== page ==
"In light of the recent tragic events in our country, NBC has decided to postpone the premieres of the network's fall primetime programs...Further developments could alter this plan," the network said in a brief statement, Reuters reported.
The other major networks including ABC and CBS were also contemplating the postponement of their fall shows due to the heavy news coverage on all the stations and were taking things hour by hour. They are waiting to see how the aftermath of Tuesday's attacks unfold before making any long-term decisions about programming.
"We're on the fence right now," CBS Television CEO Leslie Moonves told Variety of his network's view on whether to delay the season's start. "We're looking at all the pros and cons. I could give you 10 reasons why we should delay it and 10 reasons why we shouldn't."
But CBS's quick decision to postpone the Primetime Emmy Awards was an easy one.
"Nobody wants to watch a sitcom today, and that's the primary reason why we didn't want the Emmys to take place this week. It just doesn't fit with how everyone is feeling. But there comes a certain point where you do have to look at moving on. At the moment, things are minute by minute and subject to change, but we're thinking about putting on our schedule as planned on Monday." Moonves told The Hollywood Reporter.
CBS will be making at least one change--they will not be showing a sneak preview of The Ellen Show as planned next week. The hope is to launch the show Sept. 24, especially if the Emmys, which Ellen DeGeneres will host, can be rescheduled Sept. 23.
ABC had actually decided to delay their fall lineup a week, inside sources told Variety. But the network re-evaluated the decision and planned to debut some new shows next week, particularly if Monday Night Football were to go forward. Now it's unclear what will happen, as the NFL has announced that all 15 games scheduled this weekend have been canceled.
League spokesman Greg Aiello told the Associated Press there were several reasons involved, including the problems in air travel and the trauma to the New York Giants, Jets and the Washington Redskins. It has not yet been decided whether to reschedule the weekend's games or go with a 15-game season.
Of the smaller networks, the WB will be keeping to their Friday night premieres after affiliates urged it to resume entertainment programming.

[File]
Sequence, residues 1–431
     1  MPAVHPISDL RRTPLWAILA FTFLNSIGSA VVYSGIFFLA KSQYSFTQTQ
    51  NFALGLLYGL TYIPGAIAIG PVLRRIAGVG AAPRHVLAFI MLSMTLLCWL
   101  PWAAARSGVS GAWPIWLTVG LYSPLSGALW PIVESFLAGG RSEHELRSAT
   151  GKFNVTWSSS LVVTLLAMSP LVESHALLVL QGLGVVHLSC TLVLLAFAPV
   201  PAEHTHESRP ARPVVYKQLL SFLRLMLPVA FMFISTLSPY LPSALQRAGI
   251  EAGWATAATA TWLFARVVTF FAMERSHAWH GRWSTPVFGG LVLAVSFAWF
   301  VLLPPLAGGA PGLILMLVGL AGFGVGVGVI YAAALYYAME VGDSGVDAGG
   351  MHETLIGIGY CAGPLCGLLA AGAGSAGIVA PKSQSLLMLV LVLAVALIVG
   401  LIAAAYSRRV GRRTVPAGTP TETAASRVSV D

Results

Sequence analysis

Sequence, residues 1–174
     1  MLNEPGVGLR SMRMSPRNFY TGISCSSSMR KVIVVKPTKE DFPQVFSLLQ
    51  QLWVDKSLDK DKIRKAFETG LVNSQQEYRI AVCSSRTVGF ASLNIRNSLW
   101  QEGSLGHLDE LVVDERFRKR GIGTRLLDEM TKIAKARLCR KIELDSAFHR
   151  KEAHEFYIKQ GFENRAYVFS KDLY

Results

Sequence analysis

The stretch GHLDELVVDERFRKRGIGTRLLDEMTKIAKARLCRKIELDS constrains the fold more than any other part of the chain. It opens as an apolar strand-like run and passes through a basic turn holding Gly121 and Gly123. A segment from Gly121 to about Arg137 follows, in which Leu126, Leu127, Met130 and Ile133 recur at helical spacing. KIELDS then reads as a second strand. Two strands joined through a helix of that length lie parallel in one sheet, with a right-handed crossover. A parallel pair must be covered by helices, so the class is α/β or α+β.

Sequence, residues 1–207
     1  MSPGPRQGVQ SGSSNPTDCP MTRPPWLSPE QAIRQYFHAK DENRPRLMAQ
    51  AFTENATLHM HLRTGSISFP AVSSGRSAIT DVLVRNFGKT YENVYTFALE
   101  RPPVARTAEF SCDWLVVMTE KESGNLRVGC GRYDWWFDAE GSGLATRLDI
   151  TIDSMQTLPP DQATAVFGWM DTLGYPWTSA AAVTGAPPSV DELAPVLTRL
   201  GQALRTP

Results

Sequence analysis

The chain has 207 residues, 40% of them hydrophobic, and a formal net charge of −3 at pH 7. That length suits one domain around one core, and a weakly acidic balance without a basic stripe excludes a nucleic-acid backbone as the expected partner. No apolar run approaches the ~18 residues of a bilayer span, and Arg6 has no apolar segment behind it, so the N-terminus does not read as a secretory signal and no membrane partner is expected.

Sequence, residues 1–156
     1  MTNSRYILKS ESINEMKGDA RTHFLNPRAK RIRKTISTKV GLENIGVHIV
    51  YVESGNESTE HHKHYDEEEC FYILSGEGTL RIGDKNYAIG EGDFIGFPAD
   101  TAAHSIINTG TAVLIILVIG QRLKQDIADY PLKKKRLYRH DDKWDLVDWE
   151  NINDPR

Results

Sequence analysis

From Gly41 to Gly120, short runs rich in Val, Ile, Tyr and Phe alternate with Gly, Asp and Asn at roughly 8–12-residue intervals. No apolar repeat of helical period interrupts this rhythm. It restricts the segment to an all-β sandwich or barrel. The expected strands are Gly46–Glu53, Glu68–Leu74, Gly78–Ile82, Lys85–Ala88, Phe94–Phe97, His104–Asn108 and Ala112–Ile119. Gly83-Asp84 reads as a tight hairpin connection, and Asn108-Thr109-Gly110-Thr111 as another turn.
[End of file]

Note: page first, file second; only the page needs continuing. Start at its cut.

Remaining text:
"We feel very strongly that to disrupt our schedule completely further reinforces the sense of disruption in people's lives," WB Entertainment president Jordan Levin told Variety. "We don't want to contribute to the terrorists' desire to create chaos."
Fox Network is in a different situation since many of their new fall shows were to be debuting in a few weeks, after the World Series. However, now that Major League Baseball has postponed all the games until Thursday, Fox could be looking at bowing their post-baseball season premieres during November sweeps.
Too much reality?
As well as deciding on the fall schedules, the networks are also combing through their new shows to look for anything considered inappropriate in light of the terrorist attacks.
In particular, the pilot of the new CBS show The Agency, which focuses on the CIA, makes reference to terrorist Osama bin Laden as the mastermind behind a plot to blow up Harrods department store in London.
CBS execs will not air the pilot next week--or most likely ever--but will show another episode, making a few adjustments for continuity purposes. Promotions for the series have been pulled.
Agency executive producer Shaun Cassidy told Variety, "The world's a very different place today than it was. We will have to make some adjustments."
Also Fox has temporarily pulled its promo spots for its upcoming series 24, starring Kiefer Sutherland as a CIA agent who has 24 hours to stop a group of terrorists from assassinating a presidential candidate.
The pilot to 24, which is produced by 20th Century Fox TV and Imagine TV, includes an explosion of a jumbo jet. But Fox believes the show focuses more on the relationship between the main character and his family than it does on any terrorism and that the assassination attempt is far different from what happened in the real world this week.
"The storyline is not at all related to the events going on right now," a Fox source told Variety "We don't see it as a problematic situation. But we'll keep our fingers on the pulse of the country to see where we are a month from now." The drama isn't scheduled to bow until late October.
"We've all been bombarded with these images over the past 24 hours of real life, and it's hard not to want in some way to contribute to the well-being of our country," 20th Century Fox TV president Dana Walden told The Hollywood Reporter.
"Our responsibility is to try and be sensitive to what's going on in the world without censoring our writers to the point where they feel like they're no longer able to write the shows they've created. Each of our creators feels a responsibility to be sensitive and to do whatever possible not to be disrespectful."